It's terribly ironic that the CDC states chronic Lyme infection does not exist, yet I was now being treated for symptoms of chronic Lyme Disease after the CDC's treatment protocol failed. I was an insurance company's dream as they had little to no responsibility to cover costs for a disease that "does not exist". Of course at this time, I was seen by many specialists & paid many bills out of pocket -- not easy to do considering I had just spent a year overseas, serving my country & host nation as a federal volunteer.
I wasn't particularly interested in a treatment plan that would only manage my symptoms -- or more accurately the drugs that come along with this approach -- the painkillers, the sleeping pills, the secondary meds you're prescribed to counter the side effects of the primary meds. But I continued to go to doctor appointments & play guinea pig in good faith because I really wanted to get better & get back to work! Albeit I was very skeptical & stubborn at times, as I didn't want to put my failing health at more of a risk with this shotgun approach.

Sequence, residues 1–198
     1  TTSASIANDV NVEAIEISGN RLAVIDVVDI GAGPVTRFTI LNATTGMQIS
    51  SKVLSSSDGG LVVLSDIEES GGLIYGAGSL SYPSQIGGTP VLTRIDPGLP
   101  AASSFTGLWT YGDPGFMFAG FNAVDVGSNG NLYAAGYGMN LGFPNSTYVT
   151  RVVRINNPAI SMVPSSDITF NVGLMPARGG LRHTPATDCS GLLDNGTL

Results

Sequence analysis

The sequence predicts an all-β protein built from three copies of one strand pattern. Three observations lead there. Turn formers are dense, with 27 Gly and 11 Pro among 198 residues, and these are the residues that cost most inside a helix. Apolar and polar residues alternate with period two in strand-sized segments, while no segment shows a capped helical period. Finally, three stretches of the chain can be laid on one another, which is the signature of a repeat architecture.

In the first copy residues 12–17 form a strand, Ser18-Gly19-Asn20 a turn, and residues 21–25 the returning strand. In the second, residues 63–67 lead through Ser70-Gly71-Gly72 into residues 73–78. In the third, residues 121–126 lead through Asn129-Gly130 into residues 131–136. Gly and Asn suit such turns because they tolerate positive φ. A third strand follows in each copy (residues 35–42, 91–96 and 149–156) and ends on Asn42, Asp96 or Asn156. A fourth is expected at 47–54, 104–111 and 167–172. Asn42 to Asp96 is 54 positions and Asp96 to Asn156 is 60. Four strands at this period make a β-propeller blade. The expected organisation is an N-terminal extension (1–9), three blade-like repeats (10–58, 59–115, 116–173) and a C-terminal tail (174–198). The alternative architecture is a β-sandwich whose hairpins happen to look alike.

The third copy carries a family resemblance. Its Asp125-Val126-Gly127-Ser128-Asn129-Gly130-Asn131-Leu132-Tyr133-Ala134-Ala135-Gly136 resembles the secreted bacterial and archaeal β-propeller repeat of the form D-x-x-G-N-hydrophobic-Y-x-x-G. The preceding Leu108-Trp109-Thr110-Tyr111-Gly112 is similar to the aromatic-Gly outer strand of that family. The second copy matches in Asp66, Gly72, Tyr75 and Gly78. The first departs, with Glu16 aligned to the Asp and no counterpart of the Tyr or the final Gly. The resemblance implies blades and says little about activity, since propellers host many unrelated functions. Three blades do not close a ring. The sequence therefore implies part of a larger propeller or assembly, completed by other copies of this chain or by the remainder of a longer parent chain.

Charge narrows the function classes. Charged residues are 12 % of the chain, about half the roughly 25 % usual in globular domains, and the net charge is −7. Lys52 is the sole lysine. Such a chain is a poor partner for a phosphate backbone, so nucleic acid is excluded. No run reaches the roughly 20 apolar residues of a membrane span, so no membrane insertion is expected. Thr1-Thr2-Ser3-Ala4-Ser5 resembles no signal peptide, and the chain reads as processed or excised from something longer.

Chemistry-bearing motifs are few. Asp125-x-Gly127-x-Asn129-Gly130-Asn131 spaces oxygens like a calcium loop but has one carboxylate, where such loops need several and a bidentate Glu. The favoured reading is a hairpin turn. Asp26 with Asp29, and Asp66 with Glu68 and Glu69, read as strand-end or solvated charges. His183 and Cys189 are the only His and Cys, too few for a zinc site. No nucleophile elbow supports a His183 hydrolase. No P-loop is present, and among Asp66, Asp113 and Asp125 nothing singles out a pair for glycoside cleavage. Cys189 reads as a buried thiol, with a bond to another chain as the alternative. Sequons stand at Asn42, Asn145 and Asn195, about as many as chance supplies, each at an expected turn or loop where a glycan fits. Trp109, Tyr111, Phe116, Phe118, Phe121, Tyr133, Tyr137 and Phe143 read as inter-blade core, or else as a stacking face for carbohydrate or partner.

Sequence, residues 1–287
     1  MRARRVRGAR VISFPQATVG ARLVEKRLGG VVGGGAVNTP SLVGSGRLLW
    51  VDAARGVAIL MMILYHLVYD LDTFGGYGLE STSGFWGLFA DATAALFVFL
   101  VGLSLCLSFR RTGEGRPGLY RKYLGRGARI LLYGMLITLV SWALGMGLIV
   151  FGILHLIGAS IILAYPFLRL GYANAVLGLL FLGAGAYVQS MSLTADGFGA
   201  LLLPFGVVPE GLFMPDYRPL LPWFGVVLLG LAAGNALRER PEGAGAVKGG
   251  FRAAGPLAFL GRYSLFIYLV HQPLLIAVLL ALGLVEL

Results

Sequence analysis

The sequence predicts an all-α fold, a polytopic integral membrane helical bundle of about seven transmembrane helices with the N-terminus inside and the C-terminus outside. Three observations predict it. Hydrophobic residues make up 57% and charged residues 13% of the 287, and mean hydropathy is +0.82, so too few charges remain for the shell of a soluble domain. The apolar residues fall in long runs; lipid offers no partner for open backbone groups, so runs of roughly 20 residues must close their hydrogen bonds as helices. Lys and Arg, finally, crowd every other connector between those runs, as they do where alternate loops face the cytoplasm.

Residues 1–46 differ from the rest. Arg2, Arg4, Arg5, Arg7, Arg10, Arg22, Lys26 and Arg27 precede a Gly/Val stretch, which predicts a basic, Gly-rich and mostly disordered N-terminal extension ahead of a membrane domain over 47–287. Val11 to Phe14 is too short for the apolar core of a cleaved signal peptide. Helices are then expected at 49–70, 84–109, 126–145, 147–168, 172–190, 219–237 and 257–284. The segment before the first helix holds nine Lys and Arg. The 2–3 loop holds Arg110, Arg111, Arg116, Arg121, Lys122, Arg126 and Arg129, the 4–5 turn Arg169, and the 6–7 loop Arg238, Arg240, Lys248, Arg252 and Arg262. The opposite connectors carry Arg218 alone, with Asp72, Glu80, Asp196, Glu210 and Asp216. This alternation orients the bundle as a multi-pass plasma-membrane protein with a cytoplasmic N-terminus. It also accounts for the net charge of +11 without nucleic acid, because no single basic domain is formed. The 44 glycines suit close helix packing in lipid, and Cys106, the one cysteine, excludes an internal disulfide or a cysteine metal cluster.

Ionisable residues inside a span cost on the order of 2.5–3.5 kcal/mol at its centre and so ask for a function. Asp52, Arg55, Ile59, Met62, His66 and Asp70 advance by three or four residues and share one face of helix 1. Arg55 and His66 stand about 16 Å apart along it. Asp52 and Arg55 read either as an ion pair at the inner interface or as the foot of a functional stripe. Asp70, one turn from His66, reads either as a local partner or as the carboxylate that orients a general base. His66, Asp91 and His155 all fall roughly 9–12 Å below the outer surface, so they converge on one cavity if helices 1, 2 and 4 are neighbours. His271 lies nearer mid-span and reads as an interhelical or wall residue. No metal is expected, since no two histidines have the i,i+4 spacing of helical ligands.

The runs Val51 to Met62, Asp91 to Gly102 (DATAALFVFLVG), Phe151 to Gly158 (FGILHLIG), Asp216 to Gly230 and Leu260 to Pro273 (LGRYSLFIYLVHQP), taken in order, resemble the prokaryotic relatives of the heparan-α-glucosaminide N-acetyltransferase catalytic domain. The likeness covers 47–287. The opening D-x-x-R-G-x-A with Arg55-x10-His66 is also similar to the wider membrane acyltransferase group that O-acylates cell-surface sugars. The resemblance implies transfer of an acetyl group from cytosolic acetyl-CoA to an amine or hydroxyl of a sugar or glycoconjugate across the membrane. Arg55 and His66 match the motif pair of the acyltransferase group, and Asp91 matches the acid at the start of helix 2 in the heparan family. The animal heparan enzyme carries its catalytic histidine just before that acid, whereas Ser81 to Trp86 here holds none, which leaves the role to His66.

Truthfully, I was ready to just muscle on & get back to my overseas service - since these persistent symptoms would only last another few months anyways according to the CDC. I was (& honestly still am) stubborn to a fault. I wasn't willing to quit on my service & my community - which by that time had become my second family, my identity & my purpose. But no doctor would sign off on the paperwork & so my dreams of completing my Peace Corps service were over. I was absolutely devastated.